SG Bike, launched on 24 Aug, was the latest to join the bike-sharing boom in Singapore, becoming the 4th player here in addition to oBike, ofo and Mobike – who have all debuted in 2017 (in this order). It’s incredible how, in the space of less than 8 months, the start-ups have outnumbered the 2,300 bikes initially envisioned and planned by the Land Transport Authority (LTA) without public funding.
(*None of the companies discloses the exact size of their fleet, but ofo alone reportedly has 6,000 bikes in Singapore.)
Competition = Free rides and better bikes for users
The intense competition and the (seeming) homogeneity of the services mean that it’s essentially a price competition. Mobike has been free for three consecutive weekends in June, and entirely free since July. **The reasons given for these displays of generosity are rather creative, **according to its Facebook page: to celebrate Father’s Day (17-18 Jun), Hari Raya (aka Eid; 24-26 Jun), to go healthy and go green (30 Jun – 2 Jul), to commemorate Mobike’s 100th day in Singapore (July) and National Day in Singapore (Aug). Shortly after, oBike and ofo followed suit, offering free rides to users intermittently and later joined in on the National Day celebration by making all rides free.
There have also been attempts to differentiate one’s service. ofo boasts a bike model developed ‘exclusively for Singapore’, with a 3-speed gear, a basket, rear and front lights, and an even lighter frame. oBike, on the other hand, likes to emphasize its Singaporean identity and its being a ‘home-grown startup’.
Money doesn’t come from the bikes anyway
With such paltry revenue, how do bike-sharing businesses sustain themselves? Even with rides weren’t free, the SGD$1 or $2 (~ 0.7 – 1.4 USD) per hour usage fees could hardly cover expenses. Unlike ridesharing companies who do not necessarily own their fleet, and whose current source of revenue is more dependent on its being a marketplace and taking a cut from each booking, bike-sharing companies so far manufacture and possess their own bikes, which translate into significant investments in hardware and operations. (Whether Uber can *ever* be profitable is another big question.) Although ofo’s founder, 25-year-old Dai Wei, seems to envision ofo “to be like Android” and to connect users to other bike-sharing companies in the future, this is undoubtedly still work in progress.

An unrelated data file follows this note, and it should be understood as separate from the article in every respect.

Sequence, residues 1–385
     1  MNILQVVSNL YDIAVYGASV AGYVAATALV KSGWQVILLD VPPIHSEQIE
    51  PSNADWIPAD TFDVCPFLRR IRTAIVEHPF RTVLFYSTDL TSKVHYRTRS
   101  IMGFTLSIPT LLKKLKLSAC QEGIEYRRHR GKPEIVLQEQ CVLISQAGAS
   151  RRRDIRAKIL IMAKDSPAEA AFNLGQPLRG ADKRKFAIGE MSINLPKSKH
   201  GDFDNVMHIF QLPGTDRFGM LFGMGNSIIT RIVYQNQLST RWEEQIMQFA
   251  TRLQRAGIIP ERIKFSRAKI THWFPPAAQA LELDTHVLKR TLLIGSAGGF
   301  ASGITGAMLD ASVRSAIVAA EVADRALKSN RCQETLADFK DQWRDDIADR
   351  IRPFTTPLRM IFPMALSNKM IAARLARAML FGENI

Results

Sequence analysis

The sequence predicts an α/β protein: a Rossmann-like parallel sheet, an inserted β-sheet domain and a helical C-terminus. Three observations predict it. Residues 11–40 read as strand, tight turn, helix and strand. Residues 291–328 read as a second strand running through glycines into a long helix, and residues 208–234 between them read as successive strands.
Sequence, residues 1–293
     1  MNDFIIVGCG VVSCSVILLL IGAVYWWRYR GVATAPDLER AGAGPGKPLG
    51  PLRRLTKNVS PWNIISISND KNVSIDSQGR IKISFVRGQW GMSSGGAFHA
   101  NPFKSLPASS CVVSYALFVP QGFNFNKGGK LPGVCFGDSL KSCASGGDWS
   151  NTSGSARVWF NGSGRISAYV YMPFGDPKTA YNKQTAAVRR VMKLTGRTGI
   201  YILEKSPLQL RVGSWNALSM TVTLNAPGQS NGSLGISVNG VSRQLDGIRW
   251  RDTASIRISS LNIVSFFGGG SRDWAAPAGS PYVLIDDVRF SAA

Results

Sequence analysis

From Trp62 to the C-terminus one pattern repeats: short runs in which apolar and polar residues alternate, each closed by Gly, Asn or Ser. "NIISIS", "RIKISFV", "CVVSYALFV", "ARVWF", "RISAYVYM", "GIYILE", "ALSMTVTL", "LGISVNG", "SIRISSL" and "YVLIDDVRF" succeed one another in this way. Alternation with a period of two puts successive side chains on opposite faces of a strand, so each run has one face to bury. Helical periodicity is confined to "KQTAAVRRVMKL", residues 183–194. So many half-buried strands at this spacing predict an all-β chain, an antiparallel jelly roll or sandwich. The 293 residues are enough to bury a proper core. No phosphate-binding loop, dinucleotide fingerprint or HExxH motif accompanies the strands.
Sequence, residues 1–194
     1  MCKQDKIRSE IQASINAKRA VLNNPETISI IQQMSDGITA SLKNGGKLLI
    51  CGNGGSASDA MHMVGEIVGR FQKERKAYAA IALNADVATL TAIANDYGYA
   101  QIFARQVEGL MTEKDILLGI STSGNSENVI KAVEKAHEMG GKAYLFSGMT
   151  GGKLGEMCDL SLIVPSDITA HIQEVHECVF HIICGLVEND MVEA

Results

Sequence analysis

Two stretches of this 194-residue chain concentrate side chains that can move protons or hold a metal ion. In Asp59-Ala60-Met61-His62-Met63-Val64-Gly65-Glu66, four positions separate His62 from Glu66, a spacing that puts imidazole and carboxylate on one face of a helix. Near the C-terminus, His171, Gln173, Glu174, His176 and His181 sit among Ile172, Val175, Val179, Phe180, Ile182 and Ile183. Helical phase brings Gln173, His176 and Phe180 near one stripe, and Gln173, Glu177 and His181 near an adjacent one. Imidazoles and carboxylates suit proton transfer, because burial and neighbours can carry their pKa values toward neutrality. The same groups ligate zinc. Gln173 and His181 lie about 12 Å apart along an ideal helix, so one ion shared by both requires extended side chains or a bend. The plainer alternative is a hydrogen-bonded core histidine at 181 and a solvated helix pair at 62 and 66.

**The return on investment would depend on the durability of the bike and its manufacturing cost. **However, there exists a notable trade-off between durability and usability, as sturdier bikes often mean heavier bikes and hence a less desirable user experience. Cost-wise, in addition to the cost of the bike itself, accessories like the ‘smart lock’ system (which allows users to unlock the bike via bluetooth) and their maintenance are probably not cheap.
Even for traditional public bike-sharing services, government subsidies are often required for the service to be sustainable. Paris’ Vélib, for example, has 60-70 percent of its cost covered by subsidies. This is partly due to the fact that about 15% of bikes suffer from vandalism/theft per year, a figure that is probably also observed in modern bike-sharing services like ofo, oBike and Mobike, if not higher.
What other source of revenue, though?
Assuming that bikes themselves are more of a liability than an asset to bike-sharing companies, other sources of revenue are needed to keep companies afloat.
One common speculation is that the deposits paid by users could generate considerable revenue. Currently, users in Singapore have to pay between SGD$19 (for students) to $49 (~USD 14 – 36) before they could enjoy their unlimited free rides. This handsome sum could potentially be used for investment purposes. However, recent tightening of regulations by the Chinese government means that usage of such funds would be closely scrutinised and have to be more transparent.
Tying up with events/event venues could be another option. Bicycles could be an ideal mode of transport for the last mile problem between public transport and the event venue. For example, Mobike was the ‘official mobility partner’ of the Singapore Coffee Festival held at the Marina Bay Cruise Centre. In addition, oBike has partnered with hotels. However, the financial advantages of this kind of collaboration is unclear, apart from an advertising/halo effect and a (potential) subsequent expansion of the user base.
Other intriguing but yet more uncertain sources of revenue would include **data (‘the new petrol’), ad and collaboration with other startups. **Qourier, a startup that provides same-day delivery via crowd-sourcing, has teamed up with oBike.
Although dockless bike-sharing is rapidly expanding and gaining traction in Asia and beyond, it’s plagued with problems – not only because of misuse of the bicycles or their being parked indiscriminately, but because of its underlying business model.
But as users, it looks like meanwhile we can just sit back, relax and enjoy more free rides.